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Constructions of cinematic space : spatial practice at the intersection of film and theory

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dc.contributor.advisor William Uricchio. en_US Jacobson, Brian R en_US
dc.contributor.other Massachusetts Institute of Technology. Dept. of Comparative Media Studies. en_US 2007-10-19T20:28:28Z 2007-10-19T20:28:28Z 2005 en_US 2005 en_US
dc.description Thesis (S.M.)--Massachusetts Institute of Technology, Dept. of Comparative Media Studies, 2005. en_US
dc.description Includes bibliographical references (p. 143-146). en_US
dc.description.abstract This thesis is an attempt to bring fresh insights to current understandings of cinematic space and the relationship between film, architecture, and the city. That attempt is situated in relation to recent work by Michael Hardt and Antonio Negri, Saskia Sassen, and others on the importance of the city in the current global framework, along with the growing body of literature on film, architecture, and urban space. Michel De Certeau's threefold critique of the city, set forth in The practices of Everyday Life, structures a comparative analysis of six primary films, aired as follows, with one air for each of three chapters-Jacques Tati's lay Time and Edward Yang's Yi Yi, Vittorio De Sica's Bicycle Thieves and Wang Xiaoshuai's Beijing Bicycle, and Franqois Truffaut's The 400 Blows and Mira Nair's Salaam Bombay!. Along with De Certeau's notions of satial ractice, walking rhetorics, and the pedestrian speech act, the philosophy of Gilles Deleuze-including work from the Cinema texts and A Thousand plateaus-is developed in relation to existent film theory on movement, time, and space. en_US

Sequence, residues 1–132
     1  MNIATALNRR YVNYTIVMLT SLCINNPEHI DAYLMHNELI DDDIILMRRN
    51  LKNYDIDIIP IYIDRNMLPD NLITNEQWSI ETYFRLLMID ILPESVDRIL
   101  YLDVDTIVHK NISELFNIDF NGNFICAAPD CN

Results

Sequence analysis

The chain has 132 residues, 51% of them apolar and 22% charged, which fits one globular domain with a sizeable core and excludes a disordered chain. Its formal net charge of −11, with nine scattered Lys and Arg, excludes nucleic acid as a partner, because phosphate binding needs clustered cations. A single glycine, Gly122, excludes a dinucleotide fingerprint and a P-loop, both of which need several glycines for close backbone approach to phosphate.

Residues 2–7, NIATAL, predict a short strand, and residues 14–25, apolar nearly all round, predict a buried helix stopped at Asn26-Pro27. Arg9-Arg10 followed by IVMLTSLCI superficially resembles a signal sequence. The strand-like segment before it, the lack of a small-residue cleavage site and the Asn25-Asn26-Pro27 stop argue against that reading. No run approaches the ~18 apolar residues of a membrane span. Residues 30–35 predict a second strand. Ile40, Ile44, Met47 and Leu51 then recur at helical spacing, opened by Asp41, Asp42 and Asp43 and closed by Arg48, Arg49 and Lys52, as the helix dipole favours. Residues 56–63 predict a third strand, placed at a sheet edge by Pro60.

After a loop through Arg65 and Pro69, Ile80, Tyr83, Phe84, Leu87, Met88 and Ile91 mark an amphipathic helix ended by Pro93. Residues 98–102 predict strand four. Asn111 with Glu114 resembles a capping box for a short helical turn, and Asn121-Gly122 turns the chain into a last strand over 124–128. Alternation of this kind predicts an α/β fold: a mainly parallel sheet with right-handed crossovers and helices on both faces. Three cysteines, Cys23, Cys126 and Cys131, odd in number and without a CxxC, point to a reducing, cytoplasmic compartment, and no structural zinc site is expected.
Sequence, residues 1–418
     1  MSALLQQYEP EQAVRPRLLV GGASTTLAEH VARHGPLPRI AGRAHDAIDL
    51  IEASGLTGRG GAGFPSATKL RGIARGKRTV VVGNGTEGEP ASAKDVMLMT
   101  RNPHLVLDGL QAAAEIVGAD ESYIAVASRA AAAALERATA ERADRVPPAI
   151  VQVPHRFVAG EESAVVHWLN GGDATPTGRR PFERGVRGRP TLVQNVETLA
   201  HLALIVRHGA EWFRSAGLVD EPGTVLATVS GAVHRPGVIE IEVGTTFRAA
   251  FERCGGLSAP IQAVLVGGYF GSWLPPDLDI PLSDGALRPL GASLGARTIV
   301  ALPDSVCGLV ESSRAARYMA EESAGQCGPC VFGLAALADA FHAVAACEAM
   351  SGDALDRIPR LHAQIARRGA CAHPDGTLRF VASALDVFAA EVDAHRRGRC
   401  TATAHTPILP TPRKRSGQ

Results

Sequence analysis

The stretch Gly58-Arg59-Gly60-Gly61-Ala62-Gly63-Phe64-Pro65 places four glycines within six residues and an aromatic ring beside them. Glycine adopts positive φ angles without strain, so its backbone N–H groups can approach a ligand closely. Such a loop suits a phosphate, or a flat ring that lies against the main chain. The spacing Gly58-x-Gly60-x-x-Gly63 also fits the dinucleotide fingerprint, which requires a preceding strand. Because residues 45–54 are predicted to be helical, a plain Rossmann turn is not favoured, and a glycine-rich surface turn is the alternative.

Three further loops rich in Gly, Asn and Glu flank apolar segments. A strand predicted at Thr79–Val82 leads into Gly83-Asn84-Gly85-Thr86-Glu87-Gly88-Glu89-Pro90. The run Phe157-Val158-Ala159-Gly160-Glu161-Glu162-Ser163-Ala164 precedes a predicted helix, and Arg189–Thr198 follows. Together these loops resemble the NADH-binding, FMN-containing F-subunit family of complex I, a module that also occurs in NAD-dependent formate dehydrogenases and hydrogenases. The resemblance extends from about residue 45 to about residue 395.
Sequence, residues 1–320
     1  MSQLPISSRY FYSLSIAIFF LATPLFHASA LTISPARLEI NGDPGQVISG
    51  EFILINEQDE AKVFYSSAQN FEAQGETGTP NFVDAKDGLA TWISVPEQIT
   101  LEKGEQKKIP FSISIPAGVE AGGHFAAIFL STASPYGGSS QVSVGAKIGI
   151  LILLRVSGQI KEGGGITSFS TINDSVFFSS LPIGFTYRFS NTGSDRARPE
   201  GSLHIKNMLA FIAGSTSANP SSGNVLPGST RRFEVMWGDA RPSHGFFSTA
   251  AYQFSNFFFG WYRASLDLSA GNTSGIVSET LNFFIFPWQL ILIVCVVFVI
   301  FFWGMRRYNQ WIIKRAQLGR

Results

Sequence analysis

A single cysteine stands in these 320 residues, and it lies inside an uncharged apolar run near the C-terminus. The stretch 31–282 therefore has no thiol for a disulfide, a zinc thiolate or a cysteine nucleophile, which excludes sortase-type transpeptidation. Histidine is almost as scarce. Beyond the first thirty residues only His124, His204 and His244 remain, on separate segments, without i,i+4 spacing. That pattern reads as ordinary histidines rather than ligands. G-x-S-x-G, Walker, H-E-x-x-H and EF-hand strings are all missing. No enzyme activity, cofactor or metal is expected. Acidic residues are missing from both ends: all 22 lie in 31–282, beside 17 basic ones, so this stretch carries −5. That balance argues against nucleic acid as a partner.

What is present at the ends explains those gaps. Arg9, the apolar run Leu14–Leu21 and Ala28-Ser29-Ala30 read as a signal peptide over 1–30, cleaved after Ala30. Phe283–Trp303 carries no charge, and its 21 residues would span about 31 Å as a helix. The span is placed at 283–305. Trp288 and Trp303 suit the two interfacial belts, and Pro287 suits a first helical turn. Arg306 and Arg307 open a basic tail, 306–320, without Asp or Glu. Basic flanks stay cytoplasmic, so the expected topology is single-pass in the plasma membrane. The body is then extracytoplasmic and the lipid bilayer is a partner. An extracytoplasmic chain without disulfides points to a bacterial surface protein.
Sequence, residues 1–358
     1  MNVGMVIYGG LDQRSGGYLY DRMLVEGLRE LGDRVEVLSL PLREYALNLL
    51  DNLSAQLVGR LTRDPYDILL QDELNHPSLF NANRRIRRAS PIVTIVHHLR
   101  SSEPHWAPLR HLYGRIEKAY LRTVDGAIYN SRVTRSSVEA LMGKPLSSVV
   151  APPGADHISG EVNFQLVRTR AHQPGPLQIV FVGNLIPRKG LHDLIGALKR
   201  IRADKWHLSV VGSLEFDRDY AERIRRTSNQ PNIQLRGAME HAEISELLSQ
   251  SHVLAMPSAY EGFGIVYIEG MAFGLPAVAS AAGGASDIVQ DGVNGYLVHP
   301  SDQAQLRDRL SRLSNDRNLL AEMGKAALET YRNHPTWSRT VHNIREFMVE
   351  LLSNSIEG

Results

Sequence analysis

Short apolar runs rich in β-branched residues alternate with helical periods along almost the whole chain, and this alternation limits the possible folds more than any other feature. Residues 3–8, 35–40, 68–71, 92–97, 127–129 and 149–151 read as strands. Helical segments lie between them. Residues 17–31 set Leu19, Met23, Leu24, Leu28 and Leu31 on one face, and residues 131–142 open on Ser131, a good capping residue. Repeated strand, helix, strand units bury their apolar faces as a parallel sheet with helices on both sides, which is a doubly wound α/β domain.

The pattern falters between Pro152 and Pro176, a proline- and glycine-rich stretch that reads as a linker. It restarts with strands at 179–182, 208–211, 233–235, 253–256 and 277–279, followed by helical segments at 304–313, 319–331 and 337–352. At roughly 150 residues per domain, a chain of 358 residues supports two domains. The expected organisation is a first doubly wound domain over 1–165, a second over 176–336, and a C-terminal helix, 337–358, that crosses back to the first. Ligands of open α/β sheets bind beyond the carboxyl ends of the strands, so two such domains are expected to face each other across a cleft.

dc.description.abstract (cont.) The analysis operates as a kind of mediation between an active set of spatial theories-a mediation which uses traditional techniques of film analysis and critical theory to instigate a negotiation around the topic of (cinematic) space. That negotiation implies a common ground on which the film texts and theories are read against and in addition to one another, allowing each to contribute in its own right to the setting u of a series of terms-what I refer to as a "spatial grammar"-proper to both film and theory. The spatial grammar thus comprises a more abstract theoretical lane-a palimpsest on which resides a classic body of work on cinematic space (including Andre Bazin, Stephen Heath, and Kristin Thomson), and on which I layer the work of De Certeau, Deleuze, Fredric Jameson, and others. en_US
dc.description.statementofresponsibility by Brian R. Jacobson. en_US
dc.format.extent 146 p. en_US
dc.language.iso eng en_US
dc.publisher Massachusetts Institute of Technology en_US
dc.rights M.I.T. theses are protected by copyright. They may be viewed from this source for any purpose, but reproduction or distribution in any format is prohibited without written permission. See provided URL for inquiries about permission. en_US
dc.subject Comparative Media Studies. en_US
dc.title Constructions of cinematic space : spatial practice at the intersection of film and theory en_US
dc.type Thesis en_US S.M. en_US
dc.contributor.department Massachusetts Institute of Technology. Dept. of Comparative Media Studies. en_US
dc.identifier.oclc 65170987 en_US

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